Appellant states his issue on appeal as follows: "The ALJ erred by formulating Salazar's [RFC in a manner] that failed to include all of Salazar's physical limitations." Aplt. Br. at 9. His first contention is that the ALJ was bound by his finding at step two that "[t]he best evidence of [appellant's] medical condition is contained in [Exhibits 1F through 7F of the record.] This evidence is accorded significant weight, and there is no substantial evidence to the contrary." Aplt. App. at 16. Appellant argues that the ALJ's step four finding that his RFC included the ability to perform light work is at odds with what the ALJ found was the best evidence of his medical condition. He cites a number of examples of evidence that he contends should have resulted in a more limited RFC determination.
He argues, first, that the ALJ erred by failing to give controlling weight to, and by ultimately rejecting, a conclusory opinion by his treating physician, Dr. Buendia. The entire text of Dr. Buendia's opinion reads as follows: "This is to certify that Ricardo Salazar, Jr. is under my care for severe liver cirrhosis, secondary to chronic alcoholism. Due to this medical condition, I would consider him totally disabled to do any kind of work." Id. at 238.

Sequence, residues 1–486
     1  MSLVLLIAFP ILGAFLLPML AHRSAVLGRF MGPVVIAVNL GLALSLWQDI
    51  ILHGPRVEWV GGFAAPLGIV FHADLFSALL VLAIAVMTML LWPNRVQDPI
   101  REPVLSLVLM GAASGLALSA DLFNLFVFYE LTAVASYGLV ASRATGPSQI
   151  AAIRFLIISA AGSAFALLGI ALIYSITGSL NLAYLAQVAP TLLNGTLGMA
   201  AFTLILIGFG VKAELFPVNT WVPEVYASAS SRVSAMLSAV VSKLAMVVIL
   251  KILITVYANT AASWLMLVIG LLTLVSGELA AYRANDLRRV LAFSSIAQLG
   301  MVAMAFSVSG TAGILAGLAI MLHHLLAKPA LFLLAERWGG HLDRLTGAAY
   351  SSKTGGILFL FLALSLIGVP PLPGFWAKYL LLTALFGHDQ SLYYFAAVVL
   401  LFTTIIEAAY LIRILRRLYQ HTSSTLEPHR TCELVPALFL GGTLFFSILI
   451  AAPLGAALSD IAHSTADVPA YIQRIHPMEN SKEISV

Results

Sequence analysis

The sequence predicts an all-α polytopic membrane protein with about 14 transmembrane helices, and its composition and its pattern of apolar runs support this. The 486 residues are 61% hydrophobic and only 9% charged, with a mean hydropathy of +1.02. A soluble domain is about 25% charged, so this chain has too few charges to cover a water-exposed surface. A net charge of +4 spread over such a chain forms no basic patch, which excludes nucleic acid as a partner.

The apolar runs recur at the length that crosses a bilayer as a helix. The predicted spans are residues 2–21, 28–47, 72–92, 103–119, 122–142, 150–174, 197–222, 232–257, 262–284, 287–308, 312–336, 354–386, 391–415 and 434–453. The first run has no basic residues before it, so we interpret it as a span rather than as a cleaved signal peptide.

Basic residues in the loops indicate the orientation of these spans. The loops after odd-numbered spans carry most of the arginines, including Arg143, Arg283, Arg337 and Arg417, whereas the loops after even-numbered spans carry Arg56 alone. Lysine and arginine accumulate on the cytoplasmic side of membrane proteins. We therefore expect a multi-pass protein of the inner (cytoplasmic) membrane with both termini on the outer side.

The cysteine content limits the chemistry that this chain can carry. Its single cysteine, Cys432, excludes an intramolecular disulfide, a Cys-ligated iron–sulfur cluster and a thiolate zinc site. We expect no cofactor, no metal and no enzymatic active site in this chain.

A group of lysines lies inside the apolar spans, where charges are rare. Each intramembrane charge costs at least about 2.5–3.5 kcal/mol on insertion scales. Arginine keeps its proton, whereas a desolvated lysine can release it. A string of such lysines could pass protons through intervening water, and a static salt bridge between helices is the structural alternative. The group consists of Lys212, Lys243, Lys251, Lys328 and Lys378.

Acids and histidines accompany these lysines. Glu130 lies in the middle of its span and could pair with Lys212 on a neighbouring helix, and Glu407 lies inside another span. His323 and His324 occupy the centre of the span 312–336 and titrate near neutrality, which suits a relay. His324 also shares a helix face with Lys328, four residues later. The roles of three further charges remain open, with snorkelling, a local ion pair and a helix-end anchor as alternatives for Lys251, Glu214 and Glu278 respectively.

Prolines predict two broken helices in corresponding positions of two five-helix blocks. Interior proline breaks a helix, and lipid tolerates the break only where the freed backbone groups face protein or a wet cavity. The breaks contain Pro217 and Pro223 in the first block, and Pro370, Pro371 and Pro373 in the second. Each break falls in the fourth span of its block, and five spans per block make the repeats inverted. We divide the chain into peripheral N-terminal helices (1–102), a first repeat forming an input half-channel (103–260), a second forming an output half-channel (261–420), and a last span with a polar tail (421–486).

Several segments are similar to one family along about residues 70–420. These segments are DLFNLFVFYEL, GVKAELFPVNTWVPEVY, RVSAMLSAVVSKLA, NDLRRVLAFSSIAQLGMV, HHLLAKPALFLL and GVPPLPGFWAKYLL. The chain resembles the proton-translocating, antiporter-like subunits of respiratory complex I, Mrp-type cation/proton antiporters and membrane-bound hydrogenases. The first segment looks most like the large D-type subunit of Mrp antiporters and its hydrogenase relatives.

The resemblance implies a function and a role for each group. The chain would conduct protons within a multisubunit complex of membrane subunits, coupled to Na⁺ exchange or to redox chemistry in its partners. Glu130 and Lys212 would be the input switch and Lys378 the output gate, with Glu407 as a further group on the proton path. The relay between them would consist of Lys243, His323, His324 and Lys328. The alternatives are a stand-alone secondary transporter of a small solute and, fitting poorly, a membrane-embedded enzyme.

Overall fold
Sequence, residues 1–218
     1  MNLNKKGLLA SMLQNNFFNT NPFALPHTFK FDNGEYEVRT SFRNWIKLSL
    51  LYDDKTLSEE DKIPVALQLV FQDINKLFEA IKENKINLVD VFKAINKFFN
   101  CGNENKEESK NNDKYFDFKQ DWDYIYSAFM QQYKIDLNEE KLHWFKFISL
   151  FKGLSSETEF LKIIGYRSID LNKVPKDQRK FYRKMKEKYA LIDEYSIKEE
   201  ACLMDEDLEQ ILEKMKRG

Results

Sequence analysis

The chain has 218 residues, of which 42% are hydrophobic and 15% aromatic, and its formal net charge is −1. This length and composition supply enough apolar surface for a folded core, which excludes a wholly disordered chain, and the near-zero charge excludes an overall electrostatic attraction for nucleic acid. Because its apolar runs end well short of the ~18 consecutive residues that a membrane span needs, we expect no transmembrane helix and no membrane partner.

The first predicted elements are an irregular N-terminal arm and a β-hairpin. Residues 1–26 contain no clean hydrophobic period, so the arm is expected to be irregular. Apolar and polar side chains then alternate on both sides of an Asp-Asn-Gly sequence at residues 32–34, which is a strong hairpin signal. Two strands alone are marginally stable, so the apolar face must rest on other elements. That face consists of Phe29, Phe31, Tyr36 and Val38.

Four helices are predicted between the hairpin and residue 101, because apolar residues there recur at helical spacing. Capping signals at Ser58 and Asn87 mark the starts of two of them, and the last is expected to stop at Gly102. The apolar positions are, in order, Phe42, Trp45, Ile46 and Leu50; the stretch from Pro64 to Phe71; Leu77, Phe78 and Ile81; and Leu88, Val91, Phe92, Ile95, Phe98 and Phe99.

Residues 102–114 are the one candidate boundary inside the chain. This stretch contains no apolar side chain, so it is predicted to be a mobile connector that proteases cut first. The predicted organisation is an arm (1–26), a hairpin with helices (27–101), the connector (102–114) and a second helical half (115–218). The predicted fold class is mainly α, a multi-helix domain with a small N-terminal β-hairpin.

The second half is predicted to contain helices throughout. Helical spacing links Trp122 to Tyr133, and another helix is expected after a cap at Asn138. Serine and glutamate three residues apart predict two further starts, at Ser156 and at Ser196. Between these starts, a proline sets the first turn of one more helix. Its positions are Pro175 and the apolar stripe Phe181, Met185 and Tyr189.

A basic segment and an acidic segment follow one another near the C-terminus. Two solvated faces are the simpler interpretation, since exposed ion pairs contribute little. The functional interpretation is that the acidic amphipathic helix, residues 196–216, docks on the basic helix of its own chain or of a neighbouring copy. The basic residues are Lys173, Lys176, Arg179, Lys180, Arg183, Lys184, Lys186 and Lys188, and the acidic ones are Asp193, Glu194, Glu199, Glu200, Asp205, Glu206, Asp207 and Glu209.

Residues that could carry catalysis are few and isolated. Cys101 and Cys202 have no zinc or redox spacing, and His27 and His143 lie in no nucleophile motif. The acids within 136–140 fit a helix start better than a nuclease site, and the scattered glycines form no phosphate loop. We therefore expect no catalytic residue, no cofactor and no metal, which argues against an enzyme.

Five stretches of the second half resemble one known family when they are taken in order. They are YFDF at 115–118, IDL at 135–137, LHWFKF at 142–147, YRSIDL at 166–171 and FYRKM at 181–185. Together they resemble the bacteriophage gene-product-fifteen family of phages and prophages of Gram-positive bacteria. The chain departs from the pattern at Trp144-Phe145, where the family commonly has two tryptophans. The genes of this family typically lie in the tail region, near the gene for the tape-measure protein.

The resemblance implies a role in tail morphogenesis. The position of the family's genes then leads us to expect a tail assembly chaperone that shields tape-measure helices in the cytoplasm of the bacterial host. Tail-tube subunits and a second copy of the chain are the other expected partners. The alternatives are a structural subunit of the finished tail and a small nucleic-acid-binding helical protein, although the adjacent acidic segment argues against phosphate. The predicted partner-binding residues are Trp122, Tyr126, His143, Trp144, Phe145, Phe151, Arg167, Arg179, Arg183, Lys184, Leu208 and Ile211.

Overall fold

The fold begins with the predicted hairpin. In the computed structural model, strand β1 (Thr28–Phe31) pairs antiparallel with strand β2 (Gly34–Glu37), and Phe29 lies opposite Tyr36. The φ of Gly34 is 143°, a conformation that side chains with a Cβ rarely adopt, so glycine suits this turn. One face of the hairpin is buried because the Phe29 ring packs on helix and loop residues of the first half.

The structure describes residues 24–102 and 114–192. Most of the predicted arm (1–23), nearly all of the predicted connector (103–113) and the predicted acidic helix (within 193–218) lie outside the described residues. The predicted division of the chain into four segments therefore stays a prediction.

In determining the weight to be accorded to a treating physician's opinion, the ALJ follows a two-step process. First, he must determine whether the opinion is entitled to controlling weight. Branum v. Barnhart, 385 F.3d 1268, 1275 (10th Cir. 2004). "An ALJ is required to give the opinion of a treating physician controlling weight if it is both: (1) well-supported by medically acceptable clinical and laboratory diagnostic techniques; and (2) consistent with other substantial evidence in the record." Id. (quotations omitted). Second, if the opinion is not entitled to controlling weight, the ALJ must evaluate the weight to be given to the opinion, using the factors provided in 20 C.F.R. § 416.927.
Those factors are:
(1) the length of the treatment relationship and the frequency of examination; (2) the nature and extent of the treatment relationship, including the treatment provided and the kind of examination or testing performed; (3) the degree to which the physician's opinion is supported by relevant evidence; (4) consistency between the opinion and the record as a whole; (5) whether or not the physician is a specialist in the area upon which an opinion is rendered; and (6) other factors brought to the ALJ's attention which tend to support or contradict the opinion.